Observable pattern is a design pattern for registering an event, as well as implementing a process when an event has been triggered. One of the most powerful and popular JavaScript libraries that specializes in event processing is the Reactive Extensions for JavaScript library, also known as RxJS.

For us to get started, we need to ensure we have the RxJS library installed. So, we install the library with this command:

npm install rxjs
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Already, this library has all the declaration files that are needed by TypeScript, so there’s no need to independently install them.

In order to create an Observable, we need the Observable type and of method from RxJS as follows:

import { of, Observable } from "rxjs"; 
const emitter : Observable<string> = of("Sam", "Ray", "Thomas");
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In the above snippet, we imported the of function and the Observable type from the RxJS library followed by creating an Observable from the strings "Sam", "Ray", and "Thomas".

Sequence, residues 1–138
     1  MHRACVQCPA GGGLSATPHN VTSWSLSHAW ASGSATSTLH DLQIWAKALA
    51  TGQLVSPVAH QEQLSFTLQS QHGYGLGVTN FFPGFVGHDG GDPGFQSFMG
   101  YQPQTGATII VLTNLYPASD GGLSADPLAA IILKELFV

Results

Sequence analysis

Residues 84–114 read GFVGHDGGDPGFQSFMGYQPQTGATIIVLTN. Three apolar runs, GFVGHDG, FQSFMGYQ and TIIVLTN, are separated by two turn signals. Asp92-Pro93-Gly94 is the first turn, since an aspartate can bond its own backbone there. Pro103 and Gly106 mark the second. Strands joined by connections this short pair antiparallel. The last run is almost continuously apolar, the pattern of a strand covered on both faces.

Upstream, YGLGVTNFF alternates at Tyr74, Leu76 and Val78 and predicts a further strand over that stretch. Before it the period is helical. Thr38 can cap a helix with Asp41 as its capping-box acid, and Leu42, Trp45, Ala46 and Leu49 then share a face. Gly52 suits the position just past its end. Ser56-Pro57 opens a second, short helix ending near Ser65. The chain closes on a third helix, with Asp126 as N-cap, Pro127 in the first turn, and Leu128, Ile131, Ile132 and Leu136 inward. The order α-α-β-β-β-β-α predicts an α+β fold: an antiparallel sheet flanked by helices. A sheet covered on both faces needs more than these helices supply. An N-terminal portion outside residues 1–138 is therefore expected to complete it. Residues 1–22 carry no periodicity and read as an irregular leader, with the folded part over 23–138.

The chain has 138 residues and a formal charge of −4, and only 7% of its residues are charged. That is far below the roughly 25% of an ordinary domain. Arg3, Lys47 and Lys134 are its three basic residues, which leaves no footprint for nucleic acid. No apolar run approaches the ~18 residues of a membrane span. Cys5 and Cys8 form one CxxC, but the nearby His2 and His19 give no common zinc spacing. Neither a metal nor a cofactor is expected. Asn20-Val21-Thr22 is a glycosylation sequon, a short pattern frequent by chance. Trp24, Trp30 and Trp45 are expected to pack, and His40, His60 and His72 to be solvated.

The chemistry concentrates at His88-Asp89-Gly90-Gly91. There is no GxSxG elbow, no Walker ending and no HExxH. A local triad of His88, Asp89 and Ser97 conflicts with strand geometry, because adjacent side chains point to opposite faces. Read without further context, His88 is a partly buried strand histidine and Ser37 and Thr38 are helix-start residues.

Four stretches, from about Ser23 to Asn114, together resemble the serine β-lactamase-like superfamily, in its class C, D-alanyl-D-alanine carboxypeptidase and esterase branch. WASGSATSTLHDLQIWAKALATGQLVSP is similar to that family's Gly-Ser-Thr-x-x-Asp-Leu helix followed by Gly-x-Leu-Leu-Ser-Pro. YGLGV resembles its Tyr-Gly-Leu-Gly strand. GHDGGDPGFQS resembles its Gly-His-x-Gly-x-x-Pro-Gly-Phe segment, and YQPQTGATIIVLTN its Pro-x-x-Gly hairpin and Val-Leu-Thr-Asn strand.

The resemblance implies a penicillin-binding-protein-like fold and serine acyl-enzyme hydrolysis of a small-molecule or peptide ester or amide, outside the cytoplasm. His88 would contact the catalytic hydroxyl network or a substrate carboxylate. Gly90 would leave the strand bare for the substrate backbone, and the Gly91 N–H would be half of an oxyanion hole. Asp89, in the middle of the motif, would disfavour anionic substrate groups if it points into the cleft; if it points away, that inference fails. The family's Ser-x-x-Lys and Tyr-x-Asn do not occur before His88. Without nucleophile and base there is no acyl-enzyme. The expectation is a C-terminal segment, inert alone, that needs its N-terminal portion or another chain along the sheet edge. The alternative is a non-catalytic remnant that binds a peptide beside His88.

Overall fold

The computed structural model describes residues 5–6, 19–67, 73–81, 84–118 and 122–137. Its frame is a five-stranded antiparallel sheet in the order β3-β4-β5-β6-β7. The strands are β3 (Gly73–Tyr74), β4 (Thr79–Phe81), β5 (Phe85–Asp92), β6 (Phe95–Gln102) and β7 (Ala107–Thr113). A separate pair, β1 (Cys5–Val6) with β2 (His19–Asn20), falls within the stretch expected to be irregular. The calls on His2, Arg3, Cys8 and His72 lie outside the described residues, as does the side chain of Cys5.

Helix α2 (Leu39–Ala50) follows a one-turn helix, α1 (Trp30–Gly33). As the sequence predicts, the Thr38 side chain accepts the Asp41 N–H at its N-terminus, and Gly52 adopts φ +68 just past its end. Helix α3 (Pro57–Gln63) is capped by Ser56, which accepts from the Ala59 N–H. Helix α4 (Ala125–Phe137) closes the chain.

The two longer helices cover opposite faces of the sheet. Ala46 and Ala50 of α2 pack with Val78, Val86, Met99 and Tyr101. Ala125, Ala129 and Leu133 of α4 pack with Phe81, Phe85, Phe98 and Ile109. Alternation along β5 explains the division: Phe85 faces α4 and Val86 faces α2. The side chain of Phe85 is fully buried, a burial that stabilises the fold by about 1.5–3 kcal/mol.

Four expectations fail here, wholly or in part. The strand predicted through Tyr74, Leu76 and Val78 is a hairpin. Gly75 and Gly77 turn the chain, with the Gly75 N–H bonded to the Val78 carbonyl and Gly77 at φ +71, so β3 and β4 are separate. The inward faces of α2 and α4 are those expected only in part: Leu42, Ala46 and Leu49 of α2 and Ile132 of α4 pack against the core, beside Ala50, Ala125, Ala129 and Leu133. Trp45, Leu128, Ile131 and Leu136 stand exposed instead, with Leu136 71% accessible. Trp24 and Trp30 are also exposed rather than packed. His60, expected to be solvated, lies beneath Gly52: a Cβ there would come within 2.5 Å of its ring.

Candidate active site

Next, we will subscribe to an Observable as follows:

emitter.subscribe((value: string) => {
  console.log(`Name: ${value}`)
})
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In the above snippet, we registered an Observer by calling the subscribe method on the emitter variable. Since the emitter variable is of type Observable, we can access the subscribe method automatically. The subscribe method receives a function as a parameter, and this function will be called once for each value that is emitted by the Observable.

The above code will output the following Observable stream:

Name: Sam
Name: Ray
Name: Thomas
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Observable operators